A resistive sensor is a transducer or electromechanical device that converts a mechanical change such as displacement into an electrical signal that can be monitored after conditioning. They are commonly used in instrumentation. The simplest example of this is a potentiometer.

Factors Affecting Resistance

The resistance of a material depends on four factors:

  • Cross-sectional area or thickness
  • Length
  • Temperature
  • Conductivity

Based on the principle of resistive sensors, the conductor length is directly proportional to the resistance of the conductor and is inversely related to the area of the conductor. L is denominated for conductor length, A for the area of the conductor, and R for the resistance of the conductor. ρ is the resistivity and it is constant for the material used in conductor construction. Thus, it is represented by the equation below:

where R is the resistance of the conductor, A is the area of the conductor, l is the conductor’s length, and ρ is the resistivity of the conductor.

If you need to change the resistance of a material, you should change the value of the above factors. When the length is modified, the change in resistance is direct. Doubling the material’s length will double the resistance as well. However, if you double the cross-sectional area of the wire, its resistivity will be cut in half. Changing the conductivity and temperature will not affect the resistivity.

Detecting Resistance Changes with Resistive Sensors

Resistive sensors detect changes in resistance. There are different sensors available in the market which consider different factors in detecting resistance.

Examples of some basic resistive sensors:

An example of a light-dependent resistor is shown in the schematic above. It consists of a length material whose resistance changes according to the light level. In this example, the brighter the light, the lower the resistance.

We cannot get resistance directly but we can find it by calculating the voltage. The bottom resistance remains constant. The top one is a sensor. The voltage is divided into the resistors going into two directions. Hence, if the resistance changes, the voltage will go up and down. We can detect these changes in resistance using Ohm’s law.

Photoresistors

Also known as Light Dependent Resistors (LDR), photoresistors are light-sensitive devices. They are most often used to indicate the presence or absence of light. In low light, the resistance is very high and drops dramatically when exposed to light. It is made of a high-resistance semiconductor so that when the light of high enough frequency strikes the device, photons absorbed by the semiconductor give bound electrons enough energy to jump into the conduction band. When that happens, the resulting free electron conduct electricity thereby lowering resistance.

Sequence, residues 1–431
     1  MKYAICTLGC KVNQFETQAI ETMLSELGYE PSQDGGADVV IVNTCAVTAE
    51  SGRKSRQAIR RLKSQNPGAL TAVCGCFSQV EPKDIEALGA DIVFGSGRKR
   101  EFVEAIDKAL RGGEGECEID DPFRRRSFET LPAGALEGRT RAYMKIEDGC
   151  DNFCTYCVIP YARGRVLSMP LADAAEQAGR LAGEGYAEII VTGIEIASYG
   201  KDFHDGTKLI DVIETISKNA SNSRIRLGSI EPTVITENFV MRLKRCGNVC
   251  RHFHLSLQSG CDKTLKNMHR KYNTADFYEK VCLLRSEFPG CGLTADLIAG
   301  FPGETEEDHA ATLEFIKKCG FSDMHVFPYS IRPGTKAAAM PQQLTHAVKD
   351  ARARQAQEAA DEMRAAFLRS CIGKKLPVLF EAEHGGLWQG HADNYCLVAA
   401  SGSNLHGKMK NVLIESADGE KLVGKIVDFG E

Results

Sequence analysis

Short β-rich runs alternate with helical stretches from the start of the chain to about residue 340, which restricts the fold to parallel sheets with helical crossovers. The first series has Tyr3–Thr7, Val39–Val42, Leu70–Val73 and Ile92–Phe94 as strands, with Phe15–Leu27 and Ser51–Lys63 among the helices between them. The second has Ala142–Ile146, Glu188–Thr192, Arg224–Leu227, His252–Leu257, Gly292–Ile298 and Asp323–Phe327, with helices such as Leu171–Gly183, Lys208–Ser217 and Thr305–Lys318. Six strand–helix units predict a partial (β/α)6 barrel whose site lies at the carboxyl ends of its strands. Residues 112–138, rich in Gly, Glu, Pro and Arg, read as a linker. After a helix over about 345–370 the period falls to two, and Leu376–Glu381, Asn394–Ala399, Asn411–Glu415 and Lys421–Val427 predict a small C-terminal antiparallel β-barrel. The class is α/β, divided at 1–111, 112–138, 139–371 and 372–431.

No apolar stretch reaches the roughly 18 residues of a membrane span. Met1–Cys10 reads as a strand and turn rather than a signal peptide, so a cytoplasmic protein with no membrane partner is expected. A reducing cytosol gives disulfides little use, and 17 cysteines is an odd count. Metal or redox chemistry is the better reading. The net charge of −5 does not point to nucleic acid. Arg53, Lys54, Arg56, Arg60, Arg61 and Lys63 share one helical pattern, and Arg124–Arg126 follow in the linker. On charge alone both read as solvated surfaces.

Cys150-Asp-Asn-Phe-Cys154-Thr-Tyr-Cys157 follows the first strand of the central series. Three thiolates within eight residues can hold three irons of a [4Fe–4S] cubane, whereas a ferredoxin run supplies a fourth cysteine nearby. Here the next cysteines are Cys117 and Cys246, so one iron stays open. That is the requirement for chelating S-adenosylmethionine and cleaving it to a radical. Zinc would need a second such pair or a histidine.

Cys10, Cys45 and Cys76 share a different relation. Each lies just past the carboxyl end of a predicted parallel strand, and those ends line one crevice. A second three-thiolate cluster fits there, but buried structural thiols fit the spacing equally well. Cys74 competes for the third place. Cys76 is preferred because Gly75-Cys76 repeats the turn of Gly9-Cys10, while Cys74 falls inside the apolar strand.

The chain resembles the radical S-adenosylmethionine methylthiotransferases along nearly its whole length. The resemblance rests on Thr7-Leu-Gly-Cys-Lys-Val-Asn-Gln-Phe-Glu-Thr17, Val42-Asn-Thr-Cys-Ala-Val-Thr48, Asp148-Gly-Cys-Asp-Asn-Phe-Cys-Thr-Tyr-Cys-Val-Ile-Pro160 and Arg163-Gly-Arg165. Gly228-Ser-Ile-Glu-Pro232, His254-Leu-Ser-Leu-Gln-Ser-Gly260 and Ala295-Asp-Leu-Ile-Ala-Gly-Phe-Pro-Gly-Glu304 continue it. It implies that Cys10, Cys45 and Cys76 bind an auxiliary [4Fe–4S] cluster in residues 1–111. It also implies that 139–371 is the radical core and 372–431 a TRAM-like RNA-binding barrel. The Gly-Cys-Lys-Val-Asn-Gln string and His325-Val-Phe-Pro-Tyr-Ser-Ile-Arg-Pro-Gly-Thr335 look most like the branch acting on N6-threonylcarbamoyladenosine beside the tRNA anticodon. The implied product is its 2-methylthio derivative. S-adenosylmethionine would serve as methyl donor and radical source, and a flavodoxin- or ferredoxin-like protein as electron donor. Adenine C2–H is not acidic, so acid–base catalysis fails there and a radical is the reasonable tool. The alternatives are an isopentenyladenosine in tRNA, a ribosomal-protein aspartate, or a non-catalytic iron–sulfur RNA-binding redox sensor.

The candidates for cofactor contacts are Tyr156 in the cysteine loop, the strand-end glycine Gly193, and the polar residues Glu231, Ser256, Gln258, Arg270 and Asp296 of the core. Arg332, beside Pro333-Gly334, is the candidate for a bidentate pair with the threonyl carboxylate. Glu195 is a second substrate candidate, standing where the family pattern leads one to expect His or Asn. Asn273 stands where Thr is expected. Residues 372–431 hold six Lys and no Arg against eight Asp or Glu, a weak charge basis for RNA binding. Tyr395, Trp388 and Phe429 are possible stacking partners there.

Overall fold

Photoresistor symbol in IEC Standard
Photoresistor in a voltage divider circuit

The resistance of a photoresistor decreases as the light incident on the face of the photoresistor increases. By placing the photoresistor in the upper leg of a voltage divider, the output of the voltage divider increases as the light intensity increases.

Thermistors

A thermistor is a temperature sensor made up of semiconductor material that executes a large modification in resistance in proportion to a tiny low modification in temperature.  It can be used to produce an analog output voltage with variations in ambient temperature referred to as a transducer. This creates a change in its electrical properties due to external and physical changes in heat.

Thermistors are solid-state thermally sensitive transducers with two terminals. They are constructed using sensitive semiconductors based on metal oxides with metalized or sintered connecting leads formed into a ceramic disc or bead. This allows the thermistor to change its resistive value in proportion to small changes in ambient temperature.  Its resistance depends on temperature. If the temperature changes, the resistance of the thermistor will be unstable. Thermistors are made up of ceramic and semiconducting materials such as oxides of manganese, nickel, and cobalt.

Typical Thermistor

Types of Thermistors

  • Negative Temperature Coefficient (NTC) is the most common type of thermistor that has a resistance that falls as the temperature rises. It has a negative electrical resistance versus temperature (R/T) relationship. It means that even small changes in temperature can cause significant changes in their electrical resistance. This makes them ideal for accurate temperature measurement and control.
  • Positive Temperature Coefficient (PTC) has a resistance that increases with temperature.
NTC symbol
PTC symbol
Voltage Divider with an NTC Thermistor Circuit

If you measure the voltage output across the fixed resistor R2 in the above example, the thermistor has a rating of 10 kΩ at 25 °C. Let’s say you tried changing the temperature to 100 °C, its resistance will then drop to 674 Ω. Therefore, the voltage output changes when the temperature changes and is given by the standard voltage divider equation below.